As with starting any diet or exercise program, always consult with your doctor.

Foobie Fitness

Fitness, nutrition, and your health

Speaking of exercise … post-mastectomy exercises are crucial to a full, healthy, and speedy recovery. I keep mentioning Casey Eischen’s program, because it really is a great one and has been working well for me. Every day I do exercises and every day I get further than the day before.

Casey EischenClick here if you’re interested in learning more or contacting Casey Eischen. This amazing lady 1. is a fitness expert and nutrition coach that is certified in training women who are recovering from breast cancer and related treatment or surgery, 2. she underwent a prophylactic bilateral mastectomy herself in November ’12, and 3. she took some time to provide invaluable feedback for this post. Also, be sure to visit (and like) Foobie Fitness, a FaceBook community page run by Casey Eischen.

NotePost-op workouts are one thing. Preparing your body before the procedure is another, and just as important. It is the #1 item on my preparing for surgery checklist: get in the best physical shape you can manage before the surgery. The healthier the body, the more tolerant it is to trauma, and the faster it recovers. I workout on a regular basis, however, I’m no fitness guru, so I would advise discussing exercise with your doctor and/or a certified trainer.

In addition to physical fitness, nutrition is extremely important to aid healing and keep a hand on inflammation. According to Casey, Inflammation is attributed to the improper functioning of the immune system. Check out this meal plan she designed for Simple/Clean Nutrition.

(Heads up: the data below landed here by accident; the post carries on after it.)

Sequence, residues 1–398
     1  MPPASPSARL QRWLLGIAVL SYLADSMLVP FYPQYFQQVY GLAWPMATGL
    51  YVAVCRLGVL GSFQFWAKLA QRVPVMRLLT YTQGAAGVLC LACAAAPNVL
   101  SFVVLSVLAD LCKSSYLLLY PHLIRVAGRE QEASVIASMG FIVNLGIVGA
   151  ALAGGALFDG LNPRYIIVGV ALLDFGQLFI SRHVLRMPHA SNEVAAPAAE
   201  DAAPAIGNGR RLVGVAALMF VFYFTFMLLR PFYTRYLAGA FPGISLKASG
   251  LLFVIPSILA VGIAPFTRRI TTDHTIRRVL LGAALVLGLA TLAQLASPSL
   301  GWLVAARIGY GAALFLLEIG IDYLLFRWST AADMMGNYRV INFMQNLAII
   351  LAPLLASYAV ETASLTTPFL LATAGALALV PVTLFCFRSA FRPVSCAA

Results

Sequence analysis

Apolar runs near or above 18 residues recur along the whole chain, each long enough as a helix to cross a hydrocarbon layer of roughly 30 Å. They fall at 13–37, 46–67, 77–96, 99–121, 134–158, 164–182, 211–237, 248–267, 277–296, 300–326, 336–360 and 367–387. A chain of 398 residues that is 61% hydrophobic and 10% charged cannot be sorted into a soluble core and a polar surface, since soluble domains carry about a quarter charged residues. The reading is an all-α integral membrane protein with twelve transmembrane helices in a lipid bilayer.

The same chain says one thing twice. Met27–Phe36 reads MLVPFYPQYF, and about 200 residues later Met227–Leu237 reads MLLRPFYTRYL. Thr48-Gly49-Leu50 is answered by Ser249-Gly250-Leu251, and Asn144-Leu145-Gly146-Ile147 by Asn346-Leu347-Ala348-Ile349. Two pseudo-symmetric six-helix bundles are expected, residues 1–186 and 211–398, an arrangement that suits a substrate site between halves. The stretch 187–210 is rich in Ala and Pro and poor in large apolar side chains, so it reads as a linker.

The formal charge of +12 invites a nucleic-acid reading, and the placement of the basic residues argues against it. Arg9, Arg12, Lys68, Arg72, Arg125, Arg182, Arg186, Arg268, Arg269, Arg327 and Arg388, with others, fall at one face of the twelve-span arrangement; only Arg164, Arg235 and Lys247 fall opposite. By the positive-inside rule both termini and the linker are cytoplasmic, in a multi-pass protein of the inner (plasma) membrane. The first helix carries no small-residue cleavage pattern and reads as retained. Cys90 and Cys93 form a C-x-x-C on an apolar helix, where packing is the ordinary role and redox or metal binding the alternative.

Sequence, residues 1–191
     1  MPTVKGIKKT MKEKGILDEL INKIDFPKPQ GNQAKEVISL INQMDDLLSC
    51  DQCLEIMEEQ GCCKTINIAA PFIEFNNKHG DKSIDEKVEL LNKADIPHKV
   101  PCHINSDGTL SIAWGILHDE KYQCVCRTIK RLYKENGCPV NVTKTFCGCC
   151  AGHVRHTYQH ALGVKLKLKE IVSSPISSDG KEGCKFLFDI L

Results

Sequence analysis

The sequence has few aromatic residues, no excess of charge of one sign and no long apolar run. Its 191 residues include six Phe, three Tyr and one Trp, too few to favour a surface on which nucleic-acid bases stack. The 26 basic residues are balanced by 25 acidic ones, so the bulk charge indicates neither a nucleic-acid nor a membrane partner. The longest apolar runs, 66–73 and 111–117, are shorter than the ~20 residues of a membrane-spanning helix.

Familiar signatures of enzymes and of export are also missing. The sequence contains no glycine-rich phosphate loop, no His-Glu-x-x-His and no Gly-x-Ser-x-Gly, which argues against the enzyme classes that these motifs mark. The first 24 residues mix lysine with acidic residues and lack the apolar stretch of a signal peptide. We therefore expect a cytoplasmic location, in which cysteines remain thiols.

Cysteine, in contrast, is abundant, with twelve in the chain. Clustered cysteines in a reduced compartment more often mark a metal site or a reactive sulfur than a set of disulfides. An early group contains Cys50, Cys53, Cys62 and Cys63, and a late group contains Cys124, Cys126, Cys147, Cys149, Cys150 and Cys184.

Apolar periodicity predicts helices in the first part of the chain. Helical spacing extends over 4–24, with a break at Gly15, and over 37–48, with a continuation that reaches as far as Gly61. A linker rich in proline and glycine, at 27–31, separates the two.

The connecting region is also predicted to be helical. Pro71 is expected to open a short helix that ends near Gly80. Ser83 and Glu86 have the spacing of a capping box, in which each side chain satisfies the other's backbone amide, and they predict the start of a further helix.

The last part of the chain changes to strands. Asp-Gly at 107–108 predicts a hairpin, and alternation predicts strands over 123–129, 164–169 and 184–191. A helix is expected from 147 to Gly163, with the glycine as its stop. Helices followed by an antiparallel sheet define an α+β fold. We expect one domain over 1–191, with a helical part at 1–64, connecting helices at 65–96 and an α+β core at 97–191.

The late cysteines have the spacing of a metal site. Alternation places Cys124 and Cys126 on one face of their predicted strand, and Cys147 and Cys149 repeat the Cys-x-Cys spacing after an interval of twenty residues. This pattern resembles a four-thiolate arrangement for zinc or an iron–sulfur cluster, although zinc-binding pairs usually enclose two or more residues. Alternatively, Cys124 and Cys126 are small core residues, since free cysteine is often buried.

Something that should go without saying – smoking is a big NO-NO.

Details

Pectoralis major, serratus anterior

The breast reconstruction procedure utilizing expanders, and ultimately implants, wreaks havoc on the pectoralis major muscle. The nerves feeding the muscle are snipped when the pocket is created (note: this was the case with my PBM, but may not be the standard procedure for all plastic surgeons, so please talk to your doctor). This causes the muscle to atrophy and lose some of its functionality. The more developed the pec major, the more difficult (read: painful) the expansion process and following recovery will be. A few months before my prophylactic mastectomy, once I knew it was in my future, I began altering my routine. I stayed away from push ups and flys and instead focused on core and legs. After the procedure, because pec major is traumatized, core and legs must pick up the slack.

I’ve fallen and I can’t get up

Maya

Maya

My abs got me out of trouble on day three after the mastectomy. I was sitting on the floor petting a cat and decided it would be a good idea to lay down flat on the floor. That was fine and dandy until it was time to get up. No matter which way I tried to get up, I felt pain. Couldn’t roll over to my side, because I still had surgical drains coming out of me and I couldn’t use my arm to prop myself up if I ever got there. Bending at the waist was not working – my serratus was screaming. I finally wedged my feet under the couch and then used the leverage and my lower abs to bend at the waist.

It was scary as I was laying there helpless, but as soon as I managed to get up, I said to my self outloud: YOU F$@#ING IDIOT! It’s funny now, but wasn’t then. Moral of the story: don’t lie flat on your back three days after surgery, stupid.